EMI compliance: Choosing the right shielding and gasketing
Compliance to EMI regulations is essential in today’s global market and applies to almost any electronic/electrical device. Also, almost every country in the world now requires meeting not just EMI emissions standards, but also immunity requirements. There are essentially two basic approaches for reducing or shielding electromagnetic emissions from a device or system as well as improving its immunity performance. The first is shielding at the printed circuit board level utilizing proper design techniques; the second is to place the device or system in a shielded enclosure. This article discusses available shielding products for use at both the printed circuit board level (board level shielding) and at the system level (gasketing).
Board Level Shielding (BLS)
A board level shield can be viewed as a five-sided can. Available in a variety of sizes and heights, board level shielding (BLS) is placed around the component or circuit on the printed circuit board that needs to be shielded. (See Figure 1).
BLS is used to attenuate the amount of electromagnetic energy propagating between the source and a receptor to acceptable levels. When designing and manufacturing BLS, the following elements need to be considered in relation to shielding effectiveness:
Near-field effects: Many complications occur when the shield is in the near-field of the source. Shielding performance will be impacted by the frequency of the source, the field configuration, position of the source, and the parasitic or distributed inductances and capacitances. In other words, the approach now becomes a “coupling” problem and should no longer be considered a radiated problem. So, even with accounting for the apertures in a shield, calculating or estimating shielding effectiveness of a shielded enclosure or box could still fall short of approximation. The coupling of the source to the shield, the effect of mutual coupling between elements, effect of the shield termination, and grounding technique need to be accounted for.
Layout and hole considerations: The effectiveness of BLS is highly dependent on the proper design of the printed circuit board mounting area. Normally, the sixth side of this “box” will be a ground plane on the board. The number and the spacing of vias and/or traces running from this shielded area to other board components can affect the effectiveness of BLS. What may occur is that the designer forgets about the various noise escape paths through the interlayer traces, vias, pads, and holes.
With higher frequencies and shorter wavelengths, the size and number of holes are becoming issues along with thermal effects. However, this concern is tempered by the near-field effect. Capacitive and inductive coupling are more significant than aperture size for shielding.
Resonances: Another issue with higher frequencies is resonance effect. Its coupling is a consequence of self-resonance of various structures. These structures behave as cavity resonators. A 2-inch by ½-inch enclosure resonates at a first order mode of around 12 GHz. Even weak coupling at these extremely high frequencies can induce strong oscillations that can then couple to any other point in the enclosure.
Thermal management: As devices become faster in frequency, they generate more heat. Hence, thermal management is also a design factor. Thermal management can be achieved through the use of thermal pads and heat sink. Companies like Orbel can assist with various design options that may be available.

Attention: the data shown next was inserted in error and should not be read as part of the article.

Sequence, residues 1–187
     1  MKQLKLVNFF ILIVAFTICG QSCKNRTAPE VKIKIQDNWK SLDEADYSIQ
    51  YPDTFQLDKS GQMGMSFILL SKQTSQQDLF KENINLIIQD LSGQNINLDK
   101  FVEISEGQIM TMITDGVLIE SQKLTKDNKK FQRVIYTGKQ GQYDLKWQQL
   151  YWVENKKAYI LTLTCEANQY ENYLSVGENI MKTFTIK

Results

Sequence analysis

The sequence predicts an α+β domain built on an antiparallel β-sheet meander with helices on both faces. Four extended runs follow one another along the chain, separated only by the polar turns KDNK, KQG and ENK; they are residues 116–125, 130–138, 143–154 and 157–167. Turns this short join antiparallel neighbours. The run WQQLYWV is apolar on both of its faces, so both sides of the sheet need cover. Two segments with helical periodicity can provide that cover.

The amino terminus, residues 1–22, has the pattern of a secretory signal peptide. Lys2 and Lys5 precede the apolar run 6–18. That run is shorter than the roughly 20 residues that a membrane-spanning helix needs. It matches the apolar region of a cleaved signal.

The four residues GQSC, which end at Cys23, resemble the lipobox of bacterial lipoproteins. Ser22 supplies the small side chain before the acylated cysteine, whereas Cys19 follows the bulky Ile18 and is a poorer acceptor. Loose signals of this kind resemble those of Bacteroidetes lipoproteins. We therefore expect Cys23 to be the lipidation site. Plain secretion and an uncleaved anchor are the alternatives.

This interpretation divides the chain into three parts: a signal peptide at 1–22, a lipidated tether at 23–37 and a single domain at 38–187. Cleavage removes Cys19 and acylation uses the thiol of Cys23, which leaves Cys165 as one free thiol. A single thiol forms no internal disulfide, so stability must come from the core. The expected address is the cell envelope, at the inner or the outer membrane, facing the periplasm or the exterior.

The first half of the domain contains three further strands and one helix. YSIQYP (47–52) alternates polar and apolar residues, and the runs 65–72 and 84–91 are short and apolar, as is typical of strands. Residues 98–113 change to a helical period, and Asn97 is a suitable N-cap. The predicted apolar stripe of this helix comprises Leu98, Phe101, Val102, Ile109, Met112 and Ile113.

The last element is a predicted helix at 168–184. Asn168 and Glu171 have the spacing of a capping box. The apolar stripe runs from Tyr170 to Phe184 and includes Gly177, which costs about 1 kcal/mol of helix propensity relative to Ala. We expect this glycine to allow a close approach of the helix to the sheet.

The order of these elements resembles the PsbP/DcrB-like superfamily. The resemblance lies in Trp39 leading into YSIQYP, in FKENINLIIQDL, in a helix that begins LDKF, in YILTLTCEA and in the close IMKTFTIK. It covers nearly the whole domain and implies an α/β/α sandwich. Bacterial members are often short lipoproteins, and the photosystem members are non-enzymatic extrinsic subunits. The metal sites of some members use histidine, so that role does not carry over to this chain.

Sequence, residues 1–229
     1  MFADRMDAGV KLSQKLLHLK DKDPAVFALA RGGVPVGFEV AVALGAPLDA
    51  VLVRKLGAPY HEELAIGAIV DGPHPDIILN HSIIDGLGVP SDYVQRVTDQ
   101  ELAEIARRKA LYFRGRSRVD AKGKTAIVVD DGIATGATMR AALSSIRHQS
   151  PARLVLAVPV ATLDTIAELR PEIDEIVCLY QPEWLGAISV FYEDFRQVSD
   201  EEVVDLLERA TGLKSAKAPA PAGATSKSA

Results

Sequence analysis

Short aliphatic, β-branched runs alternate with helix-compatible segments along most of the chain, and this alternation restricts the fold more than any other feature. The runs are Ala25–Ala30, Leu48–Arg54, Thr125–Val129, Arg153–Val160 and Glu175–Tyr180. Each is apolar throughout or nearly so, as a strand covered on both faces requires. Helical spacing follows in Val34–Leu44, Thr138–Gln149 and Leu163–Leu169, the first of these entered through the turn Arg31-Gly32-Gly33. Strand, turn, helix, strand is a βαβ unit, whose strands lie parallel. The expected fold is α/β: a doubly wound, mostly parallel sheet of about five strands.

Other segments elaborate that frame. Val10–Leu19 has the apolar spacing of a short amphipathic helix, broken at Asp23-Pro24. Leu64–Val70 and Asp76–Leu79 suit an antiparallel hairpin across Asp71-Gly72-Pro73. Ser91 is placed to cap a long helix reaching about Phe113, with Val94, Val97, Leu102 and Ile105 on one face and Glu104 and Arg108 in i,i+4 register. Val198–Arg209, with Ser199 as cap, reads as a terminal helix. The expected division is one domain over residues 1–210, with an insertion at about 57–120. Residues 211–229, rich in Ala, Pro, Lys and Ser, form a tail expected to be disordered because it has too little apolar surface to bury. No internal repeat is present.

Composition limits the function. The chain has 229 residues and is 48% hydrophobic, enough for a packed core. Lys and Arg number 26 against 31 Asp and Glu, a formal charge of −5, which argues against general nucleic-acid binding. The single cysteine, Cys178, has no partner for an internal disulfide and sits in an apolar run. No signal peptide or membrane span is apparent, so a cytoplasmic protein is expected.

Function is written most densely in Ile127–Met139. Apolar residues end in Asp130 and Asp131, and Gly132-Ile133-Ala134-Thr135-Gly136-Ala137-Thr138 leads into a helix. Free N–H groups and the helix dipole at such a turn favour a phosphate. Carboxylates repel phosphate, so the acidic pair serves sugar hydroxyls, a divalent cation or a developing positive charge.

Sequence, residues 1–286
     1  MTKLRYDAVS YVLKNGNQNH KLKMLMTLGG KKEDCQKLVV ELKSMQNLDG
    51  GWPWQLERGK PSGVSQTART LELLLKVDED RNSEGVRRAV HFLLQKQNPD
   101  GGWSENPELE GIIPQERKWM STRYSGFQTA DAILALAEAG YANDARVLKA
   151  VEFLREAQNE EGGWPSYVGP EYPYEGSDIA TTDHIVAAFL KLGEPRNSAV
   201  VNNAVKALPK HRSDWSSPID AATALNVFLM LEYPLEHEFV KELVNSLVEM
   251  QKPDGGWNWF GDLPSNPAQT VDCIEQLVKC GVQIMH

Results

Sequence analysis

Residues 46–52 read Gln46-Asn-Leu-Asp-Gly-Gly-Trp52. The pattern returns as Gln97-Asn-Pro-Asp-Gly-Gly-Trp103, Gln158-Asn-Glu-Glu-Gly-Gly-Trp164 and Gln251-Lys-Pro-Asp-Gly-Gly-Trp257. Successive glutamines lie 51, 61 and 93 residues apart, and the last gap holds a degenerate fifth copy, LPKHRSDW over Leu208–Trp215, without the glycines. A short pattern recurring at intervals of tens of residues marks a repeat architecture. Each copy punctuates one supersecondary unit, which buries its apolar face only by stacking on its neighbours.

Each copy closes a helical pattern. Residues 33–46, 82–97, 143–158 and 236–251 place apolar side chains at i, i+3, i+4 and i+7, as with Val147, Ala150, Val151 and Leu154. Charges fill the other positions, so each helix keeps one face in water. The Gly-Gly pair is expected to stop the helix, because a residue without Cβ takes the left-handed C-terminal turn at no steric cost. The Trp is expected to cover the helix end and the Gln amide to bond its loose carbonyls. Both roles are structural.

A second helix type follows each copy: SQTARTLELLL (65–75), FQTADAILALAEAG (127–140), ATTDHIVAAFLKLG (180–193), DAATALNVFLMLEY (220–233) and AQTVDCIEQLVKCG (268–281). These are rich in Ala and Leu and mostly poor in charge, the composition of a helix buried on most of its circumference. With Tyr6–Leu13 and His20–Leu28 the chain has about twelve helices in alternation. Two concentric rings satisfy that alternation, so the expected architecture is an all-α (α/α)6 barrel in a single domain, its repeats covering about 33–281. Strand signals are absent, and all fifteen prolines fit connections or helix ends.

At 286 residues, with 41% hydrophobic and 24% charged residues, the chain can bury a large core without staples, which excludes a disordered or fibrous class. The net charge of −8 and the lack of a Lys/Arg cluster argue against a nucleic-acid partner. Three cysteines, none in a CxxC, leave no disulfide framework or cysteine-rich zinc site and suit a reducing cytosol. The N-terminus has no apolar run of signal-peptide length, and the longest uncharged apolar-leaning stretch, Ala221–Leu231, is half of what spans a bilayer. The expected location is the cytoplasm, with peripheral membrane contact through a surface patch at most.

Gaskets are used to maintain shielding effectiveness through proper seam treatment. It is the effect of these seams and discontinuities, in general, that accounts for most of the leakages in an enclosure design. The shielding effectiveness of a seam is dependent upon the materials, contact pressure, and surface area. Gaskets maintain conductive contact across mating surfaces. A solution to radiated problems is found by making all the joints or seams of adjoining metal pieces continuous. If there is no continuity between metal pieces, a radiating aperture for RF currents is created. This is where gasket material can be used. These conductive surfaces must be cleaned of any insulating finish. Although close-spaced fasteners (approximately 25mm or 1”) could be used alone, gaskets are preferred in order to reduce the number of fasteners and compensate for mechanical variations or joint unevenness.
Chosen based on specific shielding effectiveness requirements, application atmosphere, and spatial specifications, both beryllium copper gaskets and metalized fabric gaskets can be used to ensure maximum EMI compliance:
Beryllium copper gaskets: Beryllium copper gaskets offer the highest level of attenuation over the widest frequency range and are useable in both compression and shear type applications. Solid fingers have greater cross-sectional area, hence higher conductivity. In addition, the finger shape has the characteristics of an interconnecting ground plane with a large contact area. The inductance will therefore be low as well. The movement of the finger shape also provides a “wiping” action that aids in penetrating or removing any oxide buildup in the contact area. They are very forgiving to compression, meaning that it is very difficult to over-compress them causing compression set or breakage. (See Figure 2).
Metalized fabric gaskets: These types of gaskets are composed of conductive fabric material over foam. The conductivity can be very low and hence offer very high attenuation. The amount of attenuation is determined by the level or amount and matrix of the conductive particles used, and the compression force. These gaskets come in different styles and shapes (i.e., hollow core, D-shaped, etc.) that allow various compression ranges down to low values. (See Figure 3).